Advice for my college self

ACU

Giving unsolicited advice is usually a bad idea, unless you’re giving it to yourself.

I recently attended my 20th college reunion. I’ll save you the math: I’m 42.

I graduated in 1999, which now sounds more like a sale price than an actual year of history. Our class motto boldly stated, “The century saved the best for last.” Yes, that’s the best we could come up with.

As I strolled a campus I’ve visited only a handful of times since graduation, I contemplated what I would tell my college-age self, if I could, from my current vantage point aloft forty-two years of experience.

This is not a definitive list. If there’s anything you learn from four decades of life it’s that there’s not much definitive in this world.

Nonetheless, truth, wisdom and perspective are accessible. So, here’s what I’d say to that handsome young buck, in between his Sadie Hawkins dates, of course:

  1. You’re about to make life-altering choices. Don’t agonize over them. There are many right options and only a few wrong ones. Spend more time and energy making your decisions right than you do fretting over making the right decisions.
  2. Your life up until now has been marked by milestones. Tests, graduations, licenses, liberties. These clear-cut goals can lure you into thinking summits are the point. They’re not. Find joy in the journey. As your friend’s tattoo will one day read, “The journey is the destination.”
  3. You’ve been rewarded for achievement. Not since kindergarten have you been commended for sitting still. Accomplishments require activity and effort, and there’s a good lesson there about the value of work. But keep it in check. We’re human beings, not human doings. Do less; be more.
  4. It’s good to explore your passions, but people pay for skills. You’ll need some practical ones to support yourself and your family. Money is not everything; it is something.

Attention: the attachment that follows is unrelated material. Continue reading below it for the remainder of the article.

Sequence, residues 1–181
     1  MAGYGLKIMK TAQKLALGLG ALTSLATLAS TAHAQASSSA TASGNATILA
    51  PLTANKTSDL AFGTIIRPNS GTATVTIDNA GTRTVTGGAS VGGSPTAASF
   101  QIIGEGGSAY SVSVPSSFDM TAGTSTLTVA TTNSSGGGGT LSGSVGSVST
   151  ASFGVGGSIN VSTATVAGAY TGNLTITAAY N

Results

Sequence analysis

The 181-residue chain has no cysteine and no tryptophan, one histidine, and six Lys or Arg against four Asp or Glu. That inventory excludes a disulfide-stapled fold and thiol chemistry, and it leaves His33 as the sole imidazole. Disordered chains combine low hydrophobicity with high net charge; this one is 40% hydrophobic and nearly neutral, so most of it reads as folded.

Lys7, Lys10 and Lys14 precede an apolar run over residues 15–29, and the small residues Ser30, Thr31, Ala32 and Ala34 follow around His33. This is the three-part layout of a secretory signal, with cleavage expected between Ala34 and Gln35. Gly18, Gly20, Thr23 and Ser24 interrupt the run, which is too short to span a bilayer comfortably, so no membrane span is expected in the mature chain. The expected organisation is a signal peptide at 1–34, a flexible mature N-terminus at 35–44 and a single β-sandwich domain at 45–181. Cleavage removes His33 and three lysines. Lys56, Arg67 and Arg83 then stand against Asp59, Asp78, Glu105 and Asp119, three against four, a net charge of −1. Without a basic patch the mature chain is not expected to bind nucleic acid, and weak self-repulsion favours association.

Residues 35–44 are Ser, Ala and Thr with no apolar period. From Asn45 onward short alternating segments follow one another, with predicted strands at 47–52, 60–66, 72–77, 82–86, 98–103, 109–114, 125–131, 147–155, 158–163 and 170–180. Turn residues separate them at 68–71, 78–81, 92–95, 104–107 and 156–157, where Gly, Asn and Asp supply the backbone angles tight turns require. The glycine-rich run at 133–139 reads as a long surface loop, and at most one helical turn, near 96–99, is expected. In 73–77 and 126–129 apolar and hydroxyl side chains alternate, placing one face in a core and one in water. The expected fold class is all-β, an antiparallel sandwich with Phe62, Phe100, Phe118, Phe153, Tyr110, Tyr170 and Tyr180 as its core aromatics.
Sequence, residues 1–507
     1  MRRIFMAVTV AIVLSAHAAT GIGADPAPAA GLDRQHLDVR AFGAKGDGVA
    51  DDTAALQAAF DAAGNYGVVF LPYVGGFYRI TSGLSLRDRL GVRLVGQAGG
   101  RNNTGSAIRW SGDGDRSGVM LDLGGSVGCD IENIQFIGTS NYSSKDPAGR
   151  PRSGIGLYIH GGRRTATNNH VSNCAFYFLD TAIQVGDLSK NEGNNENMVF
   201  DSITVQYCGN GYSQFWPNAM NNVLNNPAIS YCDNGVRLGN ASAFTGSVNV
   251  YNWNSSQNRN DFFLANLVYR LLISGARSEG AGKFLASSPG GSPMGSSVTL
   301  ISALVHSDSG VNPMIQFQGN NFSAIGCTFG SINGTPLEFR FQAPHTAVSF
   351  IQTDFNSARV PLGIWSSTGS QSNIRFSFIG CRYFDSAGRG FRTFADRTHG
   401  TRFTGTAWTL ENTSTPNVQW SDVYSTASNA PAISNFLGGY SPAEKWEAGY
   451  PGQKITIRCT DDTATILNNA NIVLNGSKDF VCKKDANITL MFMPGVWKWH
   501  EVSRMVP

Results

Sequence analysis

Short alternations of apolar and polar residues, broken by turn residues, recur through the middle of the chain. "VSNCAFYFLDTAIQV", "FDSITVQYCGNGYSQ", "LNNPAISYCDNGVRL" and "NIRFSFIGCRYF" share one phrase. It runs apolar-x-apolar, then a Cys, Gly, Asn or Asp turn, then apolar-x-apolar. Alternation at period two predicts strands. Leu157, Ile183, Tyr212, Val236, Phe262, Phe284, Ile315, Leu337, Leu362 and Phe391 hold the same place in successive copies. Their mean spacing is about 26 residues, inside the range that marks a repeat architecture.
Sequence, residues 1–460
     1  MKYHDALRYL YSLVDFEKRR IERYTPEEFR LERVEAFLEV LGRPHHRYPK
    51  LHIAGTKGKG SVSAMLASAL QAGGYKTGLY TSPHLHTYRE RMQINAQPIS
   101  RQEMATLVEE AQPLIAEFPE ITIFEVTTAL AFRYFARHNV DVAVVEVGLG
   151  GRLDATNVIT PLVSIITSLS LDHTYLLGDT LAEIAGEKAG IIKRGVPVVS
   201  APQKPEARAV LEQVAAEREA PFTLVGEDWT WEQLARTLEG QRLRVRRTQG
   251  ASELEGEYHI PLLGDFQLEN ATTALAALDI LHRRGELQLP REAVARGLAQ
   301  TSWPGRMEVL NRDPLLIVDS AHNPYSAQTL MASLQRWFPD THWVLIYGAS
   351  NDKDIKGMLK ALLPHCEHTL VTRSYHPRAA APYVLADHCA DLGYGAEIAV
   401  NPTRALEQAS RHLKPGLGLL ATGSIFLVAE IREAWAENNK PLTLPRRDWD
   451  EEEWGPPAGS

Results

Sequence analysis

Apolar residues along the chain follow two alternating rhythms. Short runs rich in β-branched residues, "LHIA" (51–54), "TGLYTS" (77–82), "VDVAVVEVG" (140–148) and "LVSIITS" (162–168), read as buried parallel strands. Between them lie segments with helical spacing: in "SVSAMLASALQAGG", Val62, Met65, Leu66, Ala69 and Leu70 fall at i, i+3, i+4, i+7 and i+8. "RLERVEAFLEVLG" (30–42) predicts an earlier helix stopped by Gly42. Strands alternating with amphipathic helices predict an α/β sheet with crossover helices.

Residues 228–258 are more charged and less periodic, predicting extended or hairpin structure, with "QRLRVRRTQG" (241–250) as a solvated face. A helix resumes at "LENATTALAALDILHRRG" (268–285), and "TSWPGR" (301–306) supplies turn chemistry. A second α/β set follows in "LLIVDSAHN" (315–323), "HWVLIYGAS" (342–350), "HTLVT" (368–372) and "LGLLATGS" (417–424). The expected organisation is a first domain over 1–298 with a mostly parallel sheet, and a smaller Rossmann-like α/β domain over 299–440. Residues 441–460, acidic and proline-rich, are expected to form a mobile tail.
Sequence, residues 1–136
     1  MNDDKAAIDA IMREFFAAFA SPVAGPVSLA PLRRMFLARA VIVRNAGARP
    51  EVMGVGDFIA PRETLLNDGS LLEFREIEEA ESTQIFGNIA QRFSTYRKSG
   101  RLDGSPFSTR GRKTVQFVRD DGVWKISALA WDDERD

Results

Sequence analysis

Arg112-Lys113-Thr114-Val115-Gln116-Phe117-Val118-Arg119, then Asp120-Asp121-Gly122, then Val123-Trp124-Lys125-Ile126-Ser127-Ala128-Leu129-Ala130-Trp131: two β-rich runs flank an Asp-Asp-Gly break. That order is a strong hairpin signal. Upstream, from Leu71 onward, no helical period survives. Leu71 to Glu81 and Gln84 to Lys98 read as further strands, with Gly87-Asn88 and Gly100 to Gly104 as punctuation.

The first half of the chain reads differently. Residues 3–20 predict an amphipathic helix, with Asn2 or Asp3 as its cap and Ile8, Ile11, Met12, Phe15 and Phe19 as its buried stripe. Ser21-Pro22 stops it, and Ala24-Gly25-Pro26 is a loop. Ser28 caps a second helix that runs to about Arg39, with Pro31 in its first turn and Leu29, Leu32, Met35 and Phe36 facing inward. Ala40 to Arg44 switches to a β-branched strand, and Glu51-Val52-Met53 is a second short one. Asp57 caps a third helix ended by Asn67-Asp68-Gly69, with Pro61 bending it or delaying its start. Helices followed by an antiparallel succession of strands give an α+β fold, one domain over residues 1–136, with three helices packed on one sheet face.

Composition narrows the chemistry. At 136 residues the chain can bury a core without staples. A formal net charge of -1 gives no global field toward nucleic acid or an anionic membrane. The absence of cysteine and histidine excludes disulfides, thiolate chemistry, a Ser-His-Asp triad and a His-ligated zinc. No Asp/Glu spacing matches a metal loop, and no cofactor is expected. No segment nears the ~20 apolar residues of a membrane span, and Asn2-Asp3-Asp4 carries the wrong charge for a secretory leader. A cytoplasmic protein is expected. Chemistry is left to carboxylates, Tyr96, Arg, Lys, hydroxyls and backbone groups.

5. Don’t worry about what others think of you. Think for yourself, and don’t be consumed with pleasing others. People aren’t usually thinking about you anyway; they are mainly thinking about themselves.
  6. Build up your patience and perseverance. The best things in life require a long process. Weeds sprout up quickly, as Jesus pointed out, but they’re useless in scorching sunlight. A shady oak took years to grow from a single acorn.
  7. Life is a team sport and a group effort. Help others, and learn to ask for help yourself. Then, be humble enough to receive it. “Alone we go fast; together we go far,” business consultant Ed Krei says.
  8. Watch out for perfectionism. It will sabotage your plans and relationships. Pursue faithfulness and consistency instead. You’ve heard Jesus said, “Be perfect as my Heavenly Father is perfect.” According to one seminarian, a more accurate translation is, “Be whole as my Heavenly Father is whole.”
  9. An onslaught of distraction is coming; learn to focus. You think cable TV and America Online are time suckers…
  10. The older you get, the faster life will go. Don’t wait to start down the path you want to be on. But don’t rush. In fact, “ruthlessly eliminate hurry from your life,” Dallas Willard said. That’s good advice, as is this: Life is a marathon, not a sprint.

3 Responses to “Advice for my college self”


  1. 1 John H October 23, 2019 at 08:01

    As usual, I really enjoyed the article. I als sent it to my two kids in college.

    Hope all is well with you and the family. John Hollinshead

    Sent from my iPad

    >

  2. 2 Amy October 23, 2019 at 11:41

    good words

  3. 3 Chris Martin (@IDChrisMartin) October 24, 2019 at 15:17

    This is awesome. Thank you for sharing, encouraging and inspiring…. all things I remember about you from my time at ACU.


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